Picture show by Aleksandra Kaniuka at the Resource Center

Mała Aleksandra Rozengarten (obecnie Kaniuka) stoi na ogrodzeniu. Za ręce trzymają ją matka Irena i dziadek Eliezer Rozengarten. / Aleksandra Rozengarten is standing on a fence, her mother Irena and grandfather Eliezer Rozengarten holding her hands.
Aleksandra Rozengarten z matką Ireną z domu Hermelin i dziadkiem Eliezerem Rozengartenem. Fot. Kolekcja A. Kaniuki z domu Rozengarten / Aleksandra Rozengarten with her mother Irena and grandfather Eliezer Rozengarten. Phot. the collection of A. Kaniuka

From spring to autumn 2023, we present in Resource Center artefacts from the POLIN Museum collection connected to the various stages in the history of the Warsaw ghetto and to the lives of people imprisoned in it—those who perished in the ghetto, those who were deported to Treblinka, and those who fled to hide on the so-called ‘Aryan’ side. The objects on display come from the collection of Aleksandra Kaniuka, née Rozengarten. They document the subsequent stages of her survival.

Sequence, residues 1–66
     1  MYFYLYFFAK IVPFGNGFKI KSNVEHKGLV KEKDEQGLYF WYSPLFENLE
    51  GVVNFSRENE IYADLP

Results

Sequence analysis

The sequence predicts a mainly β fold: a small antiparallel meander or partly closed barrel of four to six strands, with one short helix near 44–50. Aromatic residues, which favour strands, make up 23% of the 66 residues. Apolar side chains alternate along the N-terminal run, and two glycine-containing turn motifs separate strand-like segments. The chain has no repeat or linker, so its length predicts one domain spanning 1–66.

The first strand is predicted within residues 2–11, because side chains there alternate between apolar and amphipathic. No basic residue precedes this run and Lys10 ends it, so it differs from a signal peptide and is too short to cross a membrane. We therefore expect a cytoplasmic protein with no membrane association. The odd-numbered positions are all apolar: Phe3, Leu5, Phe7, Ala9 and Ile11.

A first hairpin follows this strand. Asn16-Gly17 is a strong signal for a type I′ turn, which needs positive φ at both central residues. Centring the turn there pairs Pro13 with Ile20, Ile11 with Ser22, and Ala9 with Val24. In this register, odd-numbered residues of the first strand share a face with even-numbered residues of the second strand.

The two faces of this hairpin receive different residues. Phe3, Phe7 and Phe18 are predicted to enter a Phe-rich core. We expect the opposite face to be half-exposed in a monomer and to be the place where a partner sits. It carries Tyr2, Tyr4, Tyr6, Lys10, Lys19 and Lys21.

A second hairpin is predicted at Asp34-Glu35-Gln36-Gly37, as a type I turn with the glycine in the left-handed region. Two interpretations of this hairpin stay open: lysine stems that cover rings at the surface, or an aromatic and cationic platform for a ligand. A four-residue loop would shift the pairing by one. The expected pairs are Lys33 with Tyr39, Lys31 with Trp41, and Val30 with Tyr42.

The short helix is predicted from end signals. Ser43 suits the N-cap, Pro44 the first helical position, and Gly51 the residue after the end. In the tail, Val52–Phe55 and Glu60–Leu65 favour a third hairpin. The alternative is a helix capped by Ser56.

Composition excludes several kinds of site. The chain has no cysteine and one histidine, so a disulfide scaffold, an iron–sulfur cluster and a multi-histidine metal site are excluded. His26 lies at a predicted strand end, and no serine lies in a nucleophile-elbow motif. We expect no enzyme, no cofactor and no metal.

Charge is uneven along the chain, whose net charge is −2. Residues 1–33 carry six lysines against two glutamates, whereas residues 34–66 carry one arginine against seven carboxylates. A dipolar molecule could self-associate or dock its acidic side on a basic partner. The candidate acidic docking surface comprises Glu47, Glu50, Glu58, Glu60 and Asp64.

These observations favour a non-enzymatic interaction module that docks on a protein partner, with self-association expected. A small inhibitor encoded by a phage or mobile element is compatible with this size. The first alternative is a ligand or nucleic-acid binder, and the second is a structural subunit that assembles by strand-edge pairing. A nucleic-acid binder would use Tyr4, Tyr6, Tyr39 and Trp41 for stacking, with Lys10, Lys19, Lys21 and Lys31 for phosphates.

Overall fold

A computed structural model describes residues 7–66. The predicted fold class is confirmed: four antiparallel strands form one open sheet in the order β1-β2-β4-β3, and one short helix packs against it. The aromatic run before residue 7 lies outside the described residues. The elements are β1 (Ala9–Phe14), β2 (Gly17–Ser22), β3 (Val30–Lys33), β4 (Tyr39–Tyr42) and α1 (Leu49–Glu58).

The first photo comes from the Warsaw ghetto: Aleksandra Rozengarten is standing on a fence, her mother Irena (née Hermelin) and grandfather Eliezer Rozengarten holding her hands. Aleksandra’s father, Samuel Stanisław Rozengarten (husband of Irena, son of Eliezer), survived the war in the East. The photo was taken not long before Irena and Aleksandra escaped. Eliezer died of typhus in the ghetto. 

Having escaped from the ghetto, mother and daughter hid in various hideouts in Warsaw and in its outskirts. Irena Rozengarten had a fake ID issued in the name Bobińska. Aleksandra spent about two years (1942-1943) with a guardian in Radziwiłłów (as shown in the photos) while her mother strove to earn money for their living. In all likelihood, she engaged in smuggling. Later, since the guardian did not treat Aleksandra well, the girl was left in the care of nuns in Śródborów. Later, she hid with her mother in Warsaw. In the summer of 1944 they were staying in Miedzeszyn. 

After the war, the family initially settled in Poznań—the last of the presented photos comes from that period. Having returned from the Soviet Union, Samuel joined his wife and daughter there. 

Irena decided they should continue to use the name Bobiński. Samuel never made peace with this decision. For many years, Irena didn’t feel at home in any of the apartments they used to live in—she wouldn’t even bother to hang the curtains.